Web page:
Employment Insurance for modern times
Last year turned out to be a disappointing year for employment growth in Canada. The year was also indicative of the broader structural changes that have been underway in our labour force for a long time. Unfortunately, the federal Employment Insurance system can't accommodate the "new normal" in our labour market.
Premiers are meeting today in Victoria to discuss what the federal government should be doing to improve Canada's prosperity. EI reform should be high on their agenda. During the forth quarter of 2011, 63,000 full-time jobs were lost. The loss was partially offset by increases in part-time positions. This is to be expected. An increase in part-time work and self-employment is normal during and after recessions. People take on whatever work is available and accept more uncertainty and less pay until circumstances improve. But even in good times, Canada's labour market is increasingly defined by work that doesn't fit the traditional model. When the EI system was designed, steady, full-time employment was prevalent. These jobs are less common today.
According to Statistics Canada data, since the 1970s, the incidence of part time work has increased by over 50% and self-employment by about 30%. Multiple jobs holders are 2.5 times more common among workers than they used to be. This "new" type of work is clustered both geographically and demographically. That is, it is increasingly taken up by youth and new Canadians. And, it is increasingly concentrated in large urban centres, from St. John's to Vancouver.
In short, there has been a fundamental shift in the structure of the labour market across the country. The latest downturn will likely accelerate this longer-term trend. Unfortunately, our national safety net has not kept up. Less than half of Canada's unemployed in 2011 qualified for EI benefits. And the numbers who qualify vary drastically from province to province. In some provinces, over 90% of unemployed workers receive EI benefits at any given time; in Ontario and Alberta, barely one-third do. These ratios hardly budged during the recession. Now, the "softness" we see in recent job growth poses a particular problem for those workers who are most likely to have periods of little or no earnings, unstable employment, or underemployment. The system needs to be made more responsive to this kind of worker and the modern labour market.
The Mowat Centre's recent EI task force recommendations suggest ways to do so in a fiscally responsible manner. As a start, the system needs to be standardized so that all Canadians face the same rules and have access to the same benefits no matter where they live. Second, for those who fall outside the EI umbrella altogether, a different type of repayable support is required. With respect to this second point, a temporary unemployment assistance program would be a repayable form of support for those who cannot access EI. Specifically, it would assist those who have exhausted their benefits, or have moved into self-employment or other non-EI insurable work, or are in part-time positions and cannot accumulate sufficient hours, or have lost one of their multiple jobs.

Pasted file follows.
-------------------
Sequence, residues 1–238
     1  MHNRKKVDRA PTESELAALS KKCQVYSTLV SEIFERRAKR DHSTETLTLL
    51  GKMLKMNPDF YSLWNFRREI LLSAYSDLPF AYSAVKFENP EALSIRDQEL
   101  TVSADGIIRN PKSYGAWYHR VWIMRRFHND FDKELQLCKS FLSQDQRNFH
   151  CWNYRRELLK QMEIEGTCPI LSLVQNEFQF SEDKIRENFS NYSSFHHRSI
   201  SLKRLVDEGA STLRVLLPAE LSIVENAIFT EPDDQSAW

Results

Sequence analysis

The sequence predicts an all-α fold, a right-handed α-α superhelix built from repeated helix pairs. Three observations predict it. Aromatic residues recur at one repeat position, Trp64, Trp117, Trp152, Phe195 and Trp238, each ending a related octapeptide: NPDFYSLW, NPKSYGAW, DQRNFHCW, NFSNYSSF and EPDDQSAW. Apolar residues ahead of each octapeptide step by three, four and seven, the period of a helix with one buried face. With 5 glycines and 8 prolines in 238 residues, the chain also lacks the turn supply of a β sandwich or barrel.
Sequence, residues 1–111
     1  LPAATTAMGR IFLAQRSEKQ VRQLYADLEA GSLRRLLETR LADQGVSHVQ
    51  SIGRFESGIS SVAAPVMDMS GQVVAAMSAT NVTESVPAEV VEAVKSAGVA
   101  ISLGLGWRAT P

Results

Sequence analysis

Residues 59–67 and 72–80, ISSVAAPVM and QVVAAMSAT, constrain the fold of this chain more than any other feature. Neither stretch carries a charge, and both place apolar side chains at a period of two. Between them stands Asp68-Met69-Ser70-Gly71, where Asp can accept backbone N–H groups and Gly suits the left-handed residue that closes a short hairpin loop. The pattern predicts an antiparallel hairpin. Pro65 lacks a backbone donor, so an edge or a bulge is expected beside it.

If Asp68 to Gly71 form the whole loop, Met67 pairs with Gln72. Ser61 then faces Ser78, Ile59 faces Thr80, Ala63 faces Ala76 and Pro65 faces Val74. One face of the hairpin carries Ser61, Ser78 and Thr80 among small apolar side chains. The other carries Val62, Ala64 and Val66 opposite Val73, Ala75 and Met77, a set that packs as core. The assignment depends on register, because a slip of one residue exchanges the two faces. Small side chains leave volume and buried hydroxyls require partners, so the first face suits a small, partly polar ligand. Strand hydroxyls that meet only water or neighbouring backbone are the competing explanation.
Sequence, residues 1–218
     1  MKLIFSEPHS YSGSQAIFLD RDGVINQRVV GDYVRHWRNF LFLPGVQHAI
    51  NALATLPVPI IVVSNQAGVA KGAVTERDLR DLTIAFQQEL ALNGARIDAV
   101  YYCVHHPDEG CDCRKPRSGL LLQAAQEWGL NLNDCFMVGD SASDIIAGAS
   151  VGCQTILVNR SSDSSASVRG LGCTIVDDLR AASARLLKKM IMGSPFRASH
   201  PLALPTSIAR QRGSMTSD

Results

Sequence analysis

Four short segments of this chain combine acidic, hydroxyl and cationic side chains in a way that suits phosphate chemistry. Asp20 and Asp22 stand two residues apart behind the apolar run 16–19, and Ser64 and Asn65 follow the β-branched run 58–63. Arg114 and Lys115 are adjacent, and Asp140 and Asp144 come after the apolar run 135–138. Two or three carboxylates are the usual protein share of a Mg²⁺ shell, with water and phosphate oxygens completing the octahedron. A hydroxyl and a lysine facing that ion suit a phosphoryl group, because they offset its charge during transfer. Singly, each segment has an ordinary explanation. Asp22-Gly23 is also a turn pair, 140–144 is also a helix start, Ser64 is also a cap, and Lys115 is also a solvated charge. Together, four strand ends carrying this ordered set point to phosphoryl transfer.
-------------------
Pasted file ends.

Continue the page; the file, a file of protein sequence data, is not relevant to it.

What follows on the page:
This type of program would be flexible and responsive. It would also be cost effective because the assistance it provides would be temporary and narrowly targeted at a particular group. The benefits would be repayable in part or in full for those who ended up with a higher income by the end of the year.
Some have questioned the wisdom of introducing yet another new program, and believe it would be more effective to expand EI so that it covers more workers. But this approach would simply provide more benefits to those already covered. It would also worsen the regional disparities that already define the system. In an era where government resources are so scarce that programs are being cut, the social safety net must be highly effective and carefully targeted.
Temporary unemployment assistance would be just that.
Some forecasters believe that Canada's labour market will not start growing again until well into 2012.
An updated EI that can accommodate the "new normal" is all the more urgent. Premiers should take this opportunity to demand reform to the program.
Mary Davis is an executive researcher with the Mowat Centre.
The final recommendations of the Mowat Centre Employment Insurance Task Force can be found at:
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